It’s approaching dusk on July 4th. In the cooling air, people all across the U.S. prepare to honor a very American tradition: blowing things up. Mom, a little wobbly after a couple glasses of hard lemonade, drags a damp box out of the basement that smells of mold and sulfur.
“Run to the Res” is one of the codes that people have been known to use to suggest a trip to tribal land to purchase items not available off-reservation. Fireworks are among the booty sought by such day-trippers. But, is it legal for tribes to sell fireworks when it is not legal elsewhere in a state?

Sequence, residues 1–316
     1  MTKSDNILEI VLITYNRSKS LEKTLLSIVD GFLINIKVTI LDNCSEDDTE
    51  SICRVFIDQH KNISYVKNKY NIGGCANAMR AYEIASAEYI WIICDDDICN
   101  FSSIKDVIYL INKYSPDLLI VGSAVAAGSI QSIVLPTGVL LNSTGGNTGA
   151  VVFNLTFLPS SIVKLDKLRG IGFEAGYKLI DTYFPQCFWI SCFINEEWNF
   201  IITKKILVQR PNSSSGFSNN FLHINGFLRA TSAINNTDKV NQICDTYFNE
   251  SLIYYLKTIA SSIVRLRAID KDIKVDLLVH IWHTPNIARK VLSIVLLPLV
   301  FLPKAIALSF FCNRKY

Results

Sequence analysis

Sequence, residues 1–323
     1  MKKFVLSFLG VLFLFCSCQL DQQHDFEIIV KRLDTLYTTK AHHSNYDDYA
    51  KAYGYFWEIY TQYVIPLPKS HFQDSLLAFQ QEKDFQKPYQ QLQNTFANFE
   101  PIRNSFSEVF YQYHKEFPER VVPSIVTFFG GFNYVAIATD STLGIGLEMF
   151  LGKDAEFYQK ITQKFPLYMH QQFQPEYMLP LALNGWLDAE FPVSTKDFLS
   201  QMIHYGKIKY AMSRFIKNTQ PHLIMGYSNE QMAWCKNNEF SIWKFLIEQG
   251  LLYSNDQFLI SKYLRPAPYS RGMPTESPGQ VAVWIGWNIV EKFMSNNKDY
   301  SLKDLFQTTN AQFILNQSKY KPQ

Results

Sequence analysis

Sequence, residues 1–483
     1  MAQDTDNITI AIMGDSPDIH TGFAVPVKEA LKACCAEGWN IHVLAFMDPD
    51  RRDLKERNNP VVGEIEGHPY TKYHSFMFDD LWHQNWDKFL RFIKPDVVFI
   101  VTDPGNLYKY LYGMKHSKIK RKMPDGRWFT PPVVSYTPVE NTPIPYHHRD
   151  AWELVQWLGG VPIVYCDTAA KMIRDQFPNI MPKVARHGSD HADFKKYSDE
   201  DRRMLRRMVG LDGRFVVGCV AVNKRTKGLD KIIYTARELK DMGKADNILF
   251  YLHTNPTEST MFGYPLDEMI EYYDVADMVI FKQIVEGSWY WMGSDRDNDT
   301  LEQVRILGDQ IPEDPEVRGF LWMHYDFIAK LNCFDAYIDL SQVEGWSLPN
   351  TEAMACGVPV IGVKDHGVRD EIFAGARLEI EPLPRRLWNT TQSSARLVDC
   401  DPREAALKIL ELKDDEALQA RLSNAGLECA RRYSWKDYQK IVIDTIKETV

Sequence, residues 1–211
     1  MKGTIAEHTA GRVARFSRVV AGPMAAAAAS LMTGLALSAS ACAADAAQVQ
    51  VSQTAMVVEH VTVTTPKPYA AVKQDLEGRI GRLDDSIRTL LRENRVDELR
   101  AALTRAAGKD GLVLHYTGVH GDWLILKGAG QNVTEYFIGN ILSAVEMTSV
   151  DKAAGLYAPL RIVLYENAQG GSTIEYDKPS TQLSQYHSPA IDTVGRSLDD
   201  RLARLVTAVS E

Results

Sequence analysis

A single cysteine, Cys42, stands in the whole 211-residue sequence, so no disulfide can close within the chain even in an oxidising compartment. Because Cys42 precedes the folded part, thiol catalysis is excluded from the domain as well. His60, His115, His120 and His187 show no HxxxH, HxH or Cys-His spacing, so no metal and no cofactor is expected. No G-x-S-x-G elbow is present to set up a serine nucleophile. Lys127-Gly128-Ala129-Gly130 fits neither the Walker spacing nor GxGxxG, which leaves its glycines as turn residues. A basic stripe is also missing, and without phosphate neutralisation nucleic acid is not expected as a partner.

Question: There are “no fireworks” signs posted in all the parks in the California county where I live. I heard that if I go to a different county, I might be able to set off fireworks on the Fourth that aren’t allowed here. Is that true?
Question: A few of my neighbors and I are throwing a July Fourth barbeque in our shared backyards. We plan to set off some fireworks in a space we’ve cleared in the middle. Several of us have experience with fireworks and we plan to be careful, but what if something goes wrong?
Question: I live in a small town in a remote part of northern California that always holds a Fourth of July parade. This year, the mayor announced that the celebration would include a picnic and fireworks show at the downtown park. I’m a volunteer fire fighter for the town and I’m a little worried about the danger.